It’s one of the pieces of information on a wine label that tends to catch our eye. Because each vintage has a reputation, and some better than others.
Most wine labels include it – all wines recognized by a Controlled Designation of Origin or Protected Designation of Origin, at least. We’re talking about the vintage. Let’s avoid any confusion from the start. The vintage indicates the year of harvest, not bottling, although the two may be the same for vins primeurs, or “new wines,” like Beaujolais nouveau. There are various reasons that the year may not appear on the label. The Vin de Pays and Vin de Table classifications for local and table wines are not allowed to indicate a year, and most champagnes are made from a blend of wines from different years.
There’s a question that’s almost always on everyone’s lips in the wine world: so, how is this year’s vintage looking? The weather brings a steady stream of predictions until harvest time and sometimes even afterwards. All winegrowers dream of abundance and quality. Low yields and lackluster grapes are the stuff of nightmares. Most often, the actual result lies somewhere in the middle. There are abundant vintages lacking in quality, and vice versa. The intricacies are expressed in the vocabulary used, which is often meteorological. People tend to describe vintages as “solar,” “cool,” “sunny” or “rainy.” The underlying question that wine connoisseurs want to know the answer to is, how will the vintage age? A vintage that is “de garde” – for keeping – denotes a great crop that has produced wines that will get better as the years go by... five, ten, twenty or even more. The stand-out vintages in recent history are 1947, 1961, 1989 and 2010.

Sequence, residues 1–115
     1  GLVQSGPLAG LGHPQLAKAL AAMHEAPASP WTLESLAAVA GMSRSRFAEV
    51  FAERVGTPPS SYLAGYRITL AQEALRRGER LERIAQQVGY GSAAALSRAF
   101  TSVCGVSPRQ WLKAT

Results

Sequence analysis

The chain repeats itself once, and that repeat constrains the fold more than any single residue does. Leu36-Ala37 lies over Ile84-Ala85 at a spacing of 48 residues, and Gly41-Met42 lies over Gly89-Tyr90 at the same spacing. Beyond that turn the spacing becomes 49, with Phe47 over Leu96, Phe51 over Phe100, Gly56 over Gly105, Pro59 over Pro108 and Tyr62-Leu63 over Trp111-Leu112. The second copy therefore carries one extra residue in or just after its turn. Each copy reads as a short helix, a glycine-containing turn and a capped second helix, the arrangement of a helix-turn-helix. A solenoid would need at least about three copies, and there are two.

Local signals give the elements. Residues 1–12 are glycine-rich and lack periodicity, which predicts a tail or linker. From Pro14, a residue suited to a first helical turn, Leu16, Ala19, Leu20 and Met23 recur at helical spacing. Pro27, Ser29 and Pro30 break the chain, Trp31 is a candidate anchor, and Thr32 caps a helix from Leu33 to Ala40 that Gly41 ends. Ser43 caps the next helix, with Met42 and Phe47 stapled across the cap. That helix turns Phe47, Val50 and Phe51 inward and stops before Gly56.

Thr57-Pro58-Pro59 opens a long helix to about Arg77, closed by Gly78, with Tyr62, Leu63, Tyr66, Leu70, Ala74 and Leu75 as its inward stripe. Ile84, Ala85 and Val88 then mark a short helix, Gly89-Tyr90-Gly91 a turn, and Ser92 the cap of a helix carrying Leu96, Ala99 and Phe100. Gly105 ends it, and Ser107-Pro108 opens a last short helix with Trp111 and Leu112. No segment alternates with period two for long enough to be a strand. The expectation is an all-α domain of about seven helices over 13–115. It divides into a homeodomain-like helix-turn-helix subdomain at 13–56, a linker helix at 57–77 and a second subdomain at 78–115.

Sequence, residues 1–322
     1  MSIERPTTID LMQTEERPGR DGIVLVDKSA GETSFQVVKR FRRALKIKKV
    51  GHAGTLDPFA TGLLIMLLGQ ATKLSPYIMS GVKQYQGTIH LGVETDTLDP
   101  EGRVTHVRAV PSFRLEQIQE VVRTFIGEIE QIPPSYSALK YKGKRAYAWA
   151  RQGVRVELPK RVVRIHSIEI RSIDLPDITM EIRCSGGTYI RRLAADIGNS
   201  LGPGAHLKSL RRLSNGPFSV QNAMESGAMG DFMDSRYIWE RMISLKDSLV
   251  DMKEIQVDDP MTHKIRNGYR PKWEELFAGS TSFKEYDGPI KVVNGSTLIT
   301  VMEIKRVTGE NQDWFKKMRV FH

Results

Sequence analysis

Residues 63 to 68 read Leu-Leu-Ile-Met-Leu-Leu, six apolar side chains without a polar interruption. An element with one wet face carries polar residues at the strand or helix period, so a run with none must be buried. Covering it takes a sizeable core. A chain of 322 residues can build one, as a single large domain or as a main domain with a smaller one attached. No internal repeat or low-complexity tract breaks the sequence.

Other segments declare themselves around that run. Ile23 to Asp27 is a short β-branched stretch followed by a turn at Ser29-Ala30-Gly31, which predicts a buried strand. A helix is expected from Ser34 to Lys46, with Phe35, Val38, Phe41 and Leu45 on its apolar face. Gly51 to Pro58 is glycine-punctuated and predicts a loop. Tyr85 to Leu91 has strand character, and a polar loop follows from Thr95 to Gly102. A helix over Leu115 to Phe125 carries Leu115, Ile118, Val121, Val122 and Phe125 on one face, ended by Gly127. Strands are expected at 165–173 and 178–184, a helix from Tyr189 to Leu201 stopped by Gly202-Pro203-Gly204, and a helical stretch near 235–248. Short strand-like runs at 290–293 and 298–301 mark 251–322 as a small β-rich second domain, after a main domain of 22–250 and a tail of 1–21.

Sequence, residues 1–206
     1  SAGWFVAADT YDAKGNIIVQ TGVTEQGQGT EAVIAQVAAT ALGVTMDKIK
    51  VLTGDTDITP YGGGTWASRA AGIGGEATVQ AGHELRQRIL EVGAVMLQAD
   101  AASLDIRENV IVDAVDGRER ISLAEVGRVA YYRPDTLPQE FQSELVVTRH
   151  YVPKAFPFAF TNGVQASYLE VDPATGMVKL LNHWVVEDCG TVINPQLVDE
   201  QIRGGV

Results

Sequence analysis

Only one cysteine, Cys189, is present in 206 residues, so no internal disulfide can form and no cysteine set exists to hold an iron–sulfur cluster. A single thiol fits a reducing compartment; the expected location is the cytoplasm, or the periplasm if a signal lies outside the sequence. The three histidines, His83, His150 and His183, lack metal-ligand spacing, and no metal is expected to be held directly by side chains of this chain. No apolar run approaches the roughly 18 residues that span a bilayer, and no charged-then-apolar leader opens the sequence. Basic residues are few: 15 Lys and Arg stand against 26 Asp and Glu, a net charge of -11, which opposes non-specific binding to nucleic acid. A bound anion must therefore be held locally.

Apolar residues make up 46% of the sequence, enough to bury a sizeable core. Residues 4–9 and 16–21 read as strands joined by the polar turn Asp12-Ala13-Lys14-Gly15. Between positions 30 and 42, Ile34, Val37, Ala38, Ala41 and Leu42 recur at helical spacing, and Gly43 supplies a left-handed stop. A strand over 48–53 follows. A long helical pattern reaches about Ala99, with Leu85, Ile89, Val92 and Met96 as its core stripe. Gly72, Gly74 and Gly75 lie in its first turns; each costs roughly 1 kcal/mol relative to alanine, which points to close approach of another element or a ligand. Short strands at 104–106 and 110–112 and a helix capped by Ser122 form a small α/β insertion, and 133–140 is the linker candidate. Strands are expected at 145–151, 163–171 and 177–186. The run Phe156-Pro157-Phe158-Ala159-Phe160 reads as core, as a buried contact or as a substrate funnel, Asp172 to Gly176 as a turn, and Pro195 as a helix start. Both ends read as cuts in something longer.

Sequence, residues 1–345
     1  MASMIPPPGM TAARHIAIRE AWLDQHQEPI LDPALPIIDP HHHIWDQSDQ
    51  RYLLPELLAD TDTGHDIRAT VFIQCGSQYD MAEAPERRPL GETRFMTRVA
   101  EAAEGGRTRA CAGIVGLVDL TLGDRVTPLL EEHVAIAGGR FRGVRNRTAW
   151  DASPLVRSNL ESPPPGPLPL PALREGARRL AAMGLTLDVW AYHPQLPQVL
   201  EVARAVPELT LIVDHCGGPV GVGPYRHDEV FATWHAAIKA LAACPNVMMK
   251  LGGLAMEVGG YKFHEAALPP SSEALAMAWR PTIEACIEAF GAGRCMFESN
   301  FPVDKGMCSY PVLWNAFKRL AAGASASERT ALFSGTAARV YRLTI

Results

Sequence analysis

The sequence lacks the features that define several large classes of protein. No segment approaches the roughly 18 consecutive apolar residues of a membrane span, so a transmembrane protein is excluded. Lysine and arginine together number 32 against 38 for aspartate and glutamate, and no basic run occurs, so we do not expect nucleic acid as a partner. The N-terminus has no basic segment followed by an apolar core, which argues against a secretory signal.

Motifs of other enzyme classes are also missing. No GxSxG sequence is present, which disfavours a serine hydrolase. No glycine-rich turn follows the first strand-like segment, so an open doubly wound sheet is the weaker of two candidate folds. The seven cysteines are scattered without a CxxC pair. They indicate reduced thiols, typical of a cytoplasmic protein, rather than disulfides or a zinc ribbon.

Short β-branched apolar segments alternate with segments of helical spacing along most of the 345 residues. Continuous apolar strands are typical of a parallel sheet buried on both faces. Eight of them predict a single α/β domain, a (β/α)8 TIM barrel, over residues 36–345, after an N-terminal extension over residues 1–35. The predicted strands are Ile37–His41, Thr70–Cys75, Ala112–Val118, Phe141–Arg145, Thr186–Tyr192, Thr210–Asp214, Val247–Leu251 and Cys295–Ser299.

Vintage charts: a must!
There’s even a grading system. The Compagnie des Courtiers Jurés-Experts Piqueurs de Vins, a group of wine experts that has existed for 700 years, are specialists in the field. Their first vintage ratings date back to 1914. In 1940, they invented their famous vintage chart, at the suggestion of the travel enthusiasts at the Touring Club de France, who wanted a way for their members to decipher the wine menus at the restaurants they stopped at. Ever since, a commission has met annually to give its opinion on the current vintage and on how previous ones are aging. Vintages are rated on scales of stars and points, and the results are used to produce a three-part chart with about twenty vintages for each major wine region. Because a vintage may be good in one region but less so in another. It’s important to note that the charts describe overall trends, but don’t imply all the wines from a middling vintage will be mediocre. Because when all is said and done, what really matters is what happens at the estate and how inspired the winegrowers are. That’s why challenging vintages are sometimes called “winegrowers’ years.” It’s when the going gets tough that their talent shines through.